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Jamaican housing market remains strong
Foreign investors dominate the high-end market, while young Jamaican professionals who are first-time homebuyers fuel demand for mid-income bracket properties.
"Just a few weeks ago, the New York Times mentioned Kingston as one of its 52 Places To Go In 2017. We anticipate that we’ll be seeing many more tourists in our capital city and many more real estate investors. And apart from the Kingston market, investor confidence is building island-wide," stated Issa in a recent Coldwell Banker Jamaica publication.
Vacation homes located in Montego Bay area, Ocho Rios, and Negril are attracting foreign homebuyers. Port Antonio is also slowly gaining popularity after an airport expansion in the area, according to Nicola Delapenha of Coldwell Banker Jamaica. Vacation homes are priced from US$ 800,000 to US$10 million, according to Seventh Heaven Properties managing director Walter Zephirin.
Turning to domestic buyers, the recent reduction of mortgage interest rates and increased loan limits in some banks beefed up housing demand in 2016. Demand for homes costing J$25 million (US$ 192,986) and below showed strong growth over the past year, while houses worth above J$40 million (US$ 308,777) had the least growth, according to the Jamaica National Bank (JNB, formerly the Jamaica National Building Society).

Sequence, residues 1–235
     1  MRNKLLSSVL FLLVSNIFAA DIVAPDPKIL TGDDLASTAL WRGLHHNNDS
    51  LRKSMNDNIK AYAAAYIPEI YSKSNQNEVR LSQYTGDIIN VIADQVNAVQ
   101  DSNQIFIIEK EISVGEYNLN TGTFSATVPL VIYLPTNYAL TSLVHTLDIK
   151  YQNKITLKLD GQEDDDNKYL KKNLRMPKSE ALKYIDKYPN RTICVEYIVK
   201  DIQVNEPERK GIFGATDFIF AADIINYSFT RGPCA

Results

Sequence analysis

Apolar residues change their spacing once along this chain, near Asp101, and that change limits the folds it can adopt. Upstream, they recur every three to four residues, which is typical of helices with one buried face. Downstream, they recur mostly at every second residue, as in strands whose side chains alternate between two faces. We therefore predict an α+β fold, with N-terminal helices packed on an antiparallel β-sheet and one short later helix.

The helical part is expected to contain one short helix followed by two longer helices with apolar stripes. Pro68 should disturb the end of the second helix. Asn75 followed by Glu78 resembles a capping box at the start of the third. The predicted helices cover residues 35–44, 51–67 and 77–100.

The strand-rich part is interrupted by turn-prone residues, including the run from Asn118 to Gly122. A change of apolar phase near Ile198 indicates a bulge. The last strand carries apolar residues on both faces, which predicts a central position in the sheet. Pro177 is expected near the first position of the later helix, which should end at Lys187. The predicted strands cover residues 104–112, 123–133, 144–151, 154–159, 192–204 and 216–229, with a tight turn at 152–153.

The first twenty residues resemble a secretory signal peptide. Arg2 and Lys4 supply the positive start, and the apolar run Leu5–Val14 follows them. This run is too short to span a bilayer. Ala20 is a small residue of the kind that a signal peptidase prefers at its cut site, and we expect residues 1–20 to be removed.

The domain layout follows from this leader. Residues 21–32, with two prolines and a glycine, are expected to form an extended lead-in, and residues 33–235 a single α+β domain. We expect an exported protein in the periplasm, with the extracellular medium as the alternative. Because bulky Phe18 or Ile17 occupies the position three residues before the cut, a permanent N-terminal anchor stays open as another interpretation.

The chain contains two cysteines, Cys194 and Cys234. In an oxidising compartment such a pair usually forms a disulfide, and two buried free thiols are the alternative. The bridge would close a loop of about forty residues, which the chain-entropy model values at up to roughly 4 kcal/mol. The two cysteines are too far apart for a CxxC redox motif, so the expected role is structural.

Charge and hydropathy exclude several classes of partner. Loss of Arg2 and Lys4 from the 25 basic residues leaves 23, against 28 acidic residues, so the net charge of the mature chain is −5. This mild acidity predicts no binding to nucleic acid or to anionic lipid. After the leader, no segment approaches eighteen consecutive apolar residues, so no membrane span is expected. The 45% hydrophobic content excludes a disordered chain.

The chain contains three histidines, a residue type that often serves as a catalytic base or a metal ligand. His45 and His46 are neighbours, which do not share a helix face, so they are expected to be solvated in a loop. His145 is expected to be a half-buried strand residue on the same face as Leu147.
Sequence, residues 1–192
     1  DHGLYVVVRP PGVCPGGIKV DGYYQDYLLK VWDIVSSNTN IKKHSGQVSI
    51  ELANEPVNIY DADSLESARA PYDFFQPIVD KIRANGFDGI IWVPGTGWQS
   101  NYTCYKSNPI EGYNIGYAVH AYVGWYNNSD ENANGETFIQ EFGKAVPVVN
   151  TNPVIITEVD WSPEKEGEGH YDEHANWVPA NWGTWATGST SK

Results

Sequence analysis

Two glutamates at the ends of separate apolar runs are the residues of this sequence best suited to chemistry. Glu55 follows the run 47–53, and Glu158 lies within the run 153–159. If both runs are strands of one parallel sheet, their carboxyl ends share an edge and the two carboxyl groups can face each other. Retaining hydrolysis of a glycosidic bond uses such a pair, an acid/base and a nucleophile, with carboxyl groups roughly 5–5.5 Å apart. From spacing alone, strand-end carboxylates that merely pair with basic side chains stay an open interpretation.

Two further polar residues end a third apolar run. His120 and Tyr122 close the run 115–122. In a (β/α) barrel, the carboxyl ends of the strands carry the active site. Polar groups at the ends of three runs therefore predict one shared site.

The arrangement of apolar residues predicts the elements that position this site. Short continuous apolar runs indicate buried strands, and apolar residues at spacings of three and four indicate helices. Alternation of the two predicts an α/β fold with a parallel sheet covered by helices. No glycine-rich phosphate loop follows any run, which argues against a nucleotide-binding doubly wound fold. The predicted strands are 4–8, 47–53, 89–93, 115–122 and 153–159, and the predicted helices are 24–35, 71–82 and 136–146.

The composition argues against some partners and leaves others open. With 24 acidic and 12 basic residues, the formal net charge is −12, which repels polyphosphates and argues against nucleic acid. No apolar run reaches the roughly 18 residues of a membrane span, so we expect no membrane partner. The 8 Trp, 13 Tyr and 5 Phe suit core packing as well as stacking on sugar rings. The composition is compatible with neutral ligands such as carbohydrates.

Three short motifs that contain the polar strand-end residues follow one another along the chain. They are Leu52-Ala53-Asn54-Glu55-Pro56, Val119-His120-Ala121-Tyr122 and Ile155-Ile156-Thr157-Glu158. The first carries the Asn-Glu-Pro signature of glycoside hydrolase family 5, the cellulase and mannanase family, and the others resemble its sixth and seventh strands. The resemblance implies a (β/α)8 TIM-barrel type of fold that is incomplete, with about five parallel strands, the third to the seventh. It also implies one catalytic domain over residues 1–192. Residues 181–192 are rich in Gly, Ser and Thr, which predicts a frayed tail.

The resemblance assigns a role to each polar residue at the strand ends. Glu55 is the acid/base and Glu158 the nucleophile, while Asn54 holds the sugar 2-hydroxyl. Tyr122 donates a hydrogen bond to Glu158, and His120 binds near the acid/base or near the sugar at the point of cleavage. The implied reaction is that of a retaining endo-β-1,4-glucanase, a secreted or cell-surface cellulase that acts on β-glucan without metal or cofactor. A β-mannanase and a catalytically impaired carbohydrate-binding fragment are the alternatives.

Similarly, BNS Jamaica Ltd (Scotiabank) saw higher demand for units ranging from J$20 million (US$ 154,388) to J$25 million (US$ 192,986). The bank also noted that there was an increase in demand for townhouses, apartments, and for properties in gated communities.
Some property developments that broke ground this year targeting professionals include the Ruthven Towers apartments in St. Andrew, whose 226 apartments are set to be completed in July 2019. The starting price of the apartments is estimated to be at around J$18 million (US$ 138,950). Another is Wihcon Ltd's residential housing scheme "Lofts", a 128-unit apartment complex on Arthur Wint Drive, Kingston, priced from J$13.8 million (US$ 106,528) for a studio apartment to J$21 million (US$ 162,108) for a two-bedroom unit.
There are no restrictions on foreign ownership of property in Jamaica. However, foreign currency remittance for the purpose of purchasing real estate is prohibited without the approval of the Bank of Jamaica. Consent from the Exchange Control Department of the Bank of Jamaica is required prior to engaging in purchase agreements.
Jamaica – prices stable, yields high
Prices of apartments and houses have continued stable in Kingston and St Andrews during 2010, continuing the trend of 2009. The exception is a decline in the prices of the largest houses, which fell sharply between 2008 and 2009.
A 3-bedroom apartment in Kingston and St Andrews would cost around US$240,000.
A 3-bedroom house in Kingston and St Andrews would cost around US$330,000.